With the small house movement getting so much well deserved interest,
I thought it would be interesting to show some examples
we saw in Mulege, B.C.S. at
The first two photos above are of a home lived in year round,
with the kitchen on the bottom level, bedroom on the upper level,
and a living area out front under the palapa.
A continuing work in progress,
a stairway to replace the ladder was being built while we were there.
Currently the owner uses the nearby park bathrooms, 100' away,
but a bathroom addition to the rear of the house is in the planning stages.
The owner of the park built this cute space (above) on to a small used travel trailer
for a retiree who spends about half the year here.
For people on a limited income
this represents a cost effective way to live very comfortably.
The trailer has the kitchen, bath, and bed while the addition
is a nice bright living room, with a beautiful garden in the fenced area.
Although palm fronds are used extensively for thatched roofs in this area
this home has a corrugated metal roof, also common here.
This nicely designed and built home was not being used while we were there
but was ready to go when the owner returns (above).
It would be easy to add the tent roof over the kitchen
and shower area (which is hidden by the wall on the far right).
Above the roof is nicely framed
with what looks to be wood from local and abundant palm trees.
What a joy to build in a climate where heating is of little concern.
The kitchen, above, is built to withstand the elements
including the occasional hurricane that hits this area.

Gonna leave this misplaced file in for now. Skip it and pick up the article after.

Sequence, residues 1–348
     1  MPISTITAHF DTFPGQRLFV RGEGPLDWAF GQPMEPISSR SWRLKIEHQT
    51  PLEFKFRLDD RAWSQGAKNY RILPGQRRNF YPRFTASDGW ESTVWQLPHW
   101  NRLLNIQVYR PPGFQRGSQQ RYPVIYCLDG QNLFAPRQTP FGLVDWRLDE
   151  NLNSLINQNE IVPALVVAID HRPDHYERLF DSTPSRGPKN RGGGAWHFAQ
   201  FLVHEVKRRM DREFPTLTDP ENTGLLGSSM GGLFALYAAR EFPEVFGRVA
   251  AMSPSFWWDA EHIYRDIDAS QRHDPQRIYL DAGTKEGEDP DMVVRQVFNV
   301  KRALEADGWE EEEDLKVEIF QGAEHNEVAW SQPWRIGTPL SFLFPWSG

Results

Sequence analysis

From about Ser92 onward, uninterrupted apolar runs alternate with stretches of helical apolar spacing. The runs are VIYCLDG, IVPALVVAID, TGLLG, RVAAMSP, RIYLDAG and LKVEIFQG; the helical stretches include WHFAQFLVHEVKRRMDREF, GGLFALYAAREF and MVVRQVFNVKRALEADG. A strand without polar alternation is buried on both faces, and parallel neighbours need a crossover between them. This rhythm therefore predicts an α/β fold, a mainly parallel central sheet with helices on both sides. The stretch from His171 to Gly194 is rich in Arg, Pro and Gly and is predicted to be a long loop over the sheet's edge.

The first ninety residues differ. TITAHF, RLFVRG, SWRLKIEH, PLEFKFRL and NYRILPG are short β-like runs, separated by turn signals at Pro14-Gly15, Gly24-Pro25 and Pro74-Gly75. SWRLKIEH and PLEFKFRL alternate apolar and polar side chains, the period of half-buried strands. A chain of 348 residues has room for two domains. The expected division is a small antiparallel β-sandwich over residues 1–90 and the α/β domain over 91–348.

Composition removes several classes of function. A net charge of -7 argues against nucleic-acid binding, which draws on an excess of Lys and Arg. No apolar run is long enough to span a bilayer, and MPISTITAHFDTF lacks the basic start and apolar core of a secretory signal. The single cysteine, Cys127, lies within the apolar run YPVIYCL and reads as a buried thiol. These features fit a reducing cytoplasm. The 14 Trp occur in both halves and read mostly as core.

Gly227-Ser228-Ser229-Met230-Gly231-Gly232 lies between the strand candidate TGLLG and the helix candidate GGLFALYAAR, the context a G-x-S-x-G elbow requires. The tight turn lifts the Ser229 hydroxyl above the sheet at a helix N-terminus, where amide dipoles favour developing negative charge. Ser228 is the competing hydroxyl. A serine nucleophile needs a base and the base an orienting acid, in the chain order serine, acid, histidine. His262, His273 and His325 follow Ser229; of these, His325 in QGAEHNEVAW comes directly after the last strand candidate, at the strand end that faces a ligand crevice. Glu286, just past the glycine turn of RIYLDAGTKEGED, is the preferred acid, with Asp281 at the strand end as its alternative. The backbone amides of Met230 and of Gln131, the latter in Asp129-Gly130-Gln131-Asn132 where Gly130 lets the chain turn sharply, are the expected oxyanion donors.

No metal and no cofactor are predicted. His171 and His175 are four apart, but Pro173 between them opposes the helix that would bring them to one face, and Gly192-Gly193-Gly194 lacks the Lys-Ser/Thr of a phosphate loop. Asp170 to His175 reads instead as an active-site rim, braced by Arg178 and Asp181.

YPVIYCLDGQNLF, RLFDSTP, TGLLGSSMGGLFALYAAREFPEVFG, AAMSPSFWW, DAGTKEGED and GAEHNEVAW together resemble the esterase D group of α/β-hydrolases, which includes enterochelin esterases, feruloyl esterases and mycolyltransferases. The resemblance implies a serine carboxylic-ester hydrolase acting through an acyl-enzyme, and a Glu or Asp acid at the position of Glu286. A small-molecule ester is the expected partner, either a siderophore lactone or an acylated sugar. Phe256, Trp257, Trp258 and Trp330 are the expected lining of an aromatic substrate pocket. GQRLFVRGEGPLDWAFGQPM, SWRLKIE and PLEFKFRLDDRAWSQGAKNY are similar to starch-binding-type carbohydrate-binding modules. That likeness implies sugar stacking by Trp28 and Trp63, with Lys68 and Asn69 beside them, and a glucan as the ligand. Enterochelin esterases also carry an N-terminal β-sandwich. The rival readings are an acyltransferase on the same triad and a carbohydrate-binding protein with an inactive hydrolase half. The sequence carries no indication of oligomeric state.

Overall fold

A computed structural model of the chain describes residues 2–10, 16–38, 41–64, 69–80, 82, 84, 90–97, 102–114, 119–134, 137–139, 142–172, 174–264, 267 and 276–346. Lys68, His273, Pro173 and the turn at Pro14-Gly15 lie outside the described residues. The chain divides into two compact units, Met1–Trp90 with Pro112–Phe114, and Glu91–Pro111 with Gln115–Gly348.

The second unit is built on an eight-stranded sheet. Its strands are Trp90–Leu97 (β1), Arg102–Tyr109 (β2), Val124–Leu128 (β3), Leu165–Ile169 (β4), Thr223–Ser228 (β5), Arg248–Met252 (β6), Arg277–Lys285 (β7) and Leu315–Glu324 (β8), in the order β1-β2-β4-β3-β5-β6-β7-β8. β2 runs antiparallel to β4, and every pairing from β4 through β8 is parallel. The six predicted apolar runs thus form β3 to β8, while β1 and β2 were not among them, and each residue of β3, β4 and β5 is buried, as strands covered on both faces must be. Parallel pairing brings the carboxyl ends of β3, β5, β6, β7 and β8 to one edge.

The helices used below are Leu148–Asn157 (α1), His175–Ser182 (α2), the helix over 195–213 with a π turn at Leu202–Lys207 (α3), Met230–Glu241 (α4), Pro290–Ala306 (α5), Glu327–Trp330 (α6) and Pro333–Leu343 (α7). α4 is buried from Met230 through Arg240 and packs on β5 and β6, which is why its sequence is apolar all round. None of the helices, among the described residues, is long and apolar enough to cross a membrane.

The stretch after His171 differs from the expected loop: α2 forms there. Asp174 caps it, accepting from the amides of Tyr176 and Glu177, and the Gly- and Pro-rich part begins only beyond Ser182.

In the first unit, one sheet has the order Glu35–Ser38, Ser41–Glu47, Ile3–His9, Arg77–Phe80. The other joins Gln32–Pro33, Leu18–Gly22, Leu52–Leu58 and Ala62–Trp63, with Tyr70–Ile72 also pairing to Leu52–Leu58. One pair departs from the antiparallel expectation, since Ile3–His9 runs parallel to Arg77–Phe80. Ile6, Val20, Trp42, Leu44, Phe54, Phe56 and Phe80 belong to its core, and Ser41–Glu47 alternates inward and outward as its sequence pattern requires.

Add a stove and the shelf above the counter and one is good to go.
Because of the frequency of hurricanes,
and the wind and flooding that comes with them,
the homes need to be weatherized while not being used,
which basically means stowing things away...
...and having secure windows and doors.
The above buildings are all made with cement block
and much of the lumber is shipped down from the states.
It would be nice to see more use of local materials
such as adobe, stone and wood from the palm trees,
instead of the expensive cement and imported lumber
that incurs high shipping costs.
And speaking of using local materials
is this attractive shed (above) built with locally made bamboo mats and a thatch roof.
The walls are framed with palm tree wood
while the roof is framed with standard 2x4's.
While we were staying at Huerta Don Chano this was built
and in the next post we will see how.
To see more go to LABELS - MEXICO on the right side bar
and click on Building In Baja California Sur.